Wednesday, October 19, 2011


In light of my weakness for marchmallows (I've now consumed 2 bags), I read the new book Willpower - Rediscovering the Greatest Human Strength by Roy Baumeister and John Tierney. While I enjoyed the book, I don't recommend it. Reason is: most of the message I was looking for was contained in a very small portion of the book. However, I read a lot and I'm sure that many people will enjoy more of the book than I did.

I'm sitting upright as I type this blog entry. More on that later. The book describes research conducted by Baumeister wherein they deduced that willpower / self-control is like a muscle, inasmuch as it can be fatigued from over use. We can exercise our self-control and increase its strength. One such exercise they found to be effective, was practicing the habit of sitting up straight. They also showed that the depleted ego can be energized with a sugary treat. Diet sweeteners did not work.

He devotes chapters to several celebrities who struggle with self-control, including Oprah Winfrey, David Plaine, Drew Carey, and Eliot Spitzer. I mostly enjoyed the first few chapters, before he got into the celebrity case studies.

Saturday, October 08, 2011


I bought a bag of marshmallows, so I could perform the famous marshmallow experiment on my friends' kids. Then I ate them all. So I had to buy another bag.

Seems I failed my own experiment.

Saturday, October 01, 2011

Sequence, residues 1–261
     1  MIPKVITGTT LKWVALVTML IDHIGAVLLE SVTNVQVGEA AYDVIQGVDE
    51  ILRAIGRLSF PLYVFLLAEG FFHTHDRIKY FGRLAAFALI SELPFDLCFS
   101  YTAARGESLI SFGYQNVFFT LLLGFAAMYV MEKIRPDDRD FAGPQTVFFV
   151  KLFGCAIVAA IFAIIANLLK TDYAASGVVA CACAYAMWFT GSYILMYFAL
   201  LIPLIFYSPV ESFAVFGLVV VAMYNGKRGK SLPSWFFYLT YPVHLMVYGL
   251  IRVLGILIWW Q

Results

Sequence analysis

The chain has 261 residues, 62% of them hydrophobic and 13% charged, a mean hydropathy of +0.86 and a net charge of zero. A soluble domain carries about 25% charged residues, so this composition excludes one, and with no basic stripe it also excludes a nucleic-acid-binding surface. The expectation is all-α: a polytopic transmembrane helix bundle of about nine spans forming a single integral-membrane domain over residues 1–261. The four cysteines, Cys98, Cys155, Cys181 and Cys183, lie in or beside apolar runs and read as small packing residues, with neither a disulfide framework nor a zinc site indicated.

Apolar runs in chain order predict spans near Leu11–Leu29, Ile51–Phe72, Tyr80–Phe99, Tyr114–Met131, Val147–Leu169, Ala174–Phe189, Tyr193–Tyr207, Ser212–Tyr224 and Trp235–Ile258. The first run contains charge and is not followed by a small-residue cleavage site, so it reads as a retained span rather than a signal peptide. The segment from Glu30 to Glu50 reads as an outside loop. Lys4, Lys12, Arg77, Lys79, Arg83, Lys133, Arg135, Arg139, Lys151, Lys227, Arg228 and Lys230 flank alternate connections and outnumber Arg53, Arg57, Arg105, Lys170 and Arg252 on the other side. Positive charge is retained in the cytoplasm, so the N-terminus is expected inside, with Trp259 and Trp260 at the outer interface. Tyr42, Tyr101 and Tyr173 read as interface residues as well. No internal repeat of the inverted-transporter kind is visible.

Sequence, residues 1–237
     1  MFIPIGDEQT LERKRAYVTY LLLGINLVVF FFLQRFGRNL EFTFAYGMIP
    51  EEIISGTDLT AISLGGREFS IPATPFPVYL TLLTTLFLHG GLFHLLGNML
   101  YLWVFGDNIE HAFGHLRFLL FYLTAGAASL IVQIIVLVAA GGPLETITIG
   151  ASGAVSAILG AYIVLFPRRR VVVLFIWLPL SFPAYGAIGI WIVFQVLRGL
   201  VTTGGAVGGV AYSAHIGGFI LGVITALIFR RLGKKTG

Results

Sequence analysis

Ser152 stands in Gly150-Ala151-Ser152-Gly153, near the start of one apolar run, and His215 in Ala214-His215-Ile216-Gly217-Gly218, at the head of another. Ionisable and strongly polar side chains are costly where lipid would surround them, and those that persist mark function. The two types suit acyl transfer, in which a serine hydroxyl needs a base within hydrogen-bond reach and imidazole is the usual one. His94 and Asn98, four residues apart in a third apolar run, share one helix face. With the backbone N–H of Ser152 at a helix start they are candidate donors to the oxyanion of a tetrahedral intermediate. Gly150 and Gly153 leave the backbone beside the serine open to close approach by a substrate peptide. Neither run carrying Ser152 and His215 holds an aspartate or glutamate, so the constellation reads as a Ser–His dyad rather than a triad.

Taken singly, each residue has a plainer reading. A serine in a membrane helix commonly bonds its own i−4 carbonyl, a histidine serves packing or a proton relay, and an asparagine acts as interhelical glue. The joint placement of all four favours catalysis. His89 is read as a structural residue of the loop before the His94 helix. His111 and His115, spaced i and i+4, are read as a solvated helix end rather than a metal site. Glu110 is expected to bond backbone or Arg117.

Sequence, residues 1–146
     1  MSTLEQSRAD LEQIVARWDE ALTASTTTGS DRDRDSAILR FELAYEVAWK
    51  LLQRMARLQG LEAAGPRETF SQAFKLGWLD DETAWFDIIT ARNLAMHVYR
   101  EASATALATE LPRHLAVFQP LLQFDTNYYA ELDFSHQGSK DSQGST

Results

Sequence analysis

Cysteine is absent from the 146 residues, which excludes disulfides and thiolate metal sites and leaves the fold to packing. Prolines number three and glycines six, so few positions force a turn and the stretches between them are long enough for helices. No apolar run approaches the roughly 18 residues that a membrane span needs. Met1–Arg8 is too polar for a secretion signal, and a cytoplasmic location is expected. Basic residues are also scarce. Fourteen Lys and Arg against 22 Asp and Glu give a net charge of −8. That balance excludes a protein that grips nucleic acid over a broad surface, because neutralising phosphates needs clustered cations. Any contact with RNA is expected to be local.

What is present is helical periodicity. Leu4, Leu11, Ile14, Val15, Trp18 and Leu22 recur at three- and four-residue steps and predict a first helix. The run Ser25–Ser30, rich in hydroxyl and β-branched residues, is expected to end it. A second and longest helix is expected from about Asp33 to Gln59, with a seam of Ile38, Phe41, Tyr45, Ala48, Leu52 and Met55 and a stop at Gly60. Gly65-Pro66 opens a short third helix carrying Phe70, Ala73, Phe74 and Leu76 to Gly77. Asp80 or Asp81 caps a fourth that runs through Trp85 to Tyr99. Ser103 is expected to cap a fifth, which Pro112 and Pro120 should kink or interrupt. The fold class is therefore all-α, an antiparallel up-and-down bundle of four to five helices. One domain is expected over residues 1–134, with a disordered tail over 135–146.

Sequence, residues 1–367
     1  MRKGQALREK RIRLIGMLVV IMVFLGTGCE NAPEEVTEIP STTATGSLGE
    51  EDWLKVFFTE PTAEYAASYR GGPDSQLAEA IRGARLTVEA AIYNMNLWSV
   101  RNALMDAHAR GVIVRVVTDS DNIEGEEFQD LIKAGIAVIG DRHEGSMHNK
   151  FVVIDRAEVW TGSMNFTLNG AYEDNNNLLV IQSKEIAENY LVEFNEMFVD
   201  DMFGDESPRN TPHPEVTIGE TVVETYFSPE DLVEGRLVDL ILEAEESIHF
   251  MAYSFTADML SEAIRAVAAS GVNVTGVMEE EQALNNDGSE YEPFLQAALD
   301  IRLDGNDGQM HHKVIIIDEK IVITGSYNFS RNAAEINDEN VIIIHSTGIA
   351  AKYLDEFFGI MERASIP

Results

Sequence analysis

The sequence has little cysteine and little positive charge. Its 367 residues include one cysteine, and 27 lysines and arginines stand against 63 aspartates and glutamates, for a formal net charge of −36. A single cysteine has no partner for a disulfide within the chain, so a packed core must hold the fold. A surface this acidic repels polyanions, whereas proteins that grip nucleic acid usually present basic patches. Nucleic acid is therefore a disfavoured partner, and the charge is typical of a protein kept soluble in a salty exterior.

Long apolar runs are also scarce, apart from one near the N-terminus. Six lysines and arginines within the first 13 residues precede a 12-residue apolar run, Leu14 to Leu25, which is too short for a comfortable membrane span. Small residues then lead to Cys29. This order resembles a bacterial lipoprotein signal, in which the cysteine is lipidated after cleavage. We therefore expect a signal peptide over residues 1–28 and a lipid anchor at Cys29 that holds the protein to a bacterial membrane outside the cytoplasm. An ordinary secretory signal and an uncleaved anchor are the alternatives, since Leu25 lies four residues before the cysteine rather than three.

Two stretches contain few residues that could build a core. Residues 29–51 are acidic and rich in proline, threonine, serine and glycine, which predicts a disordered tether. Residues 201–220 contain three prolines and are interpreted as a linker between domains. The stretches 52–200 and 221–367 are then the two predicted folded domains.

Car Guys vs Bean Counters

I just finished the audiobook version of Bob Lutz's new book, "Car Guys vs Bean Counters - the Battle for the Soul of American Business." I liked it. I learned a lot about the automotive industry. I see a lot of similarities with other industries.

Early in the book Lutz described the systemic problems at GM in words that resonated with me, since I've seen the same thing in other companies. He said they were fostering a culture of corporate infallibility and self-worship. And that their goal in product design and development was "perfecting mediocrity."

Their focus had been on making profit numbers, and not on producing quality vehicles. By intentionally not designing high quality (and slightly more expensive) cars, the bean counters were treating the customers as hapless victims, in order to ensure profits down stream (replacement parts). They were driven to reduce costs, skimp on service, and ruthlessly pursue quarterly profits.

The book also includes an interesting history of how the Chevy Volt came about.

I don't agree with everything Bob says. And you probably won't either. But it's still an interesting book. I think this is a great read for any senior manager in any industry.

Here is the CNN/Money review and the BusinessWeek review.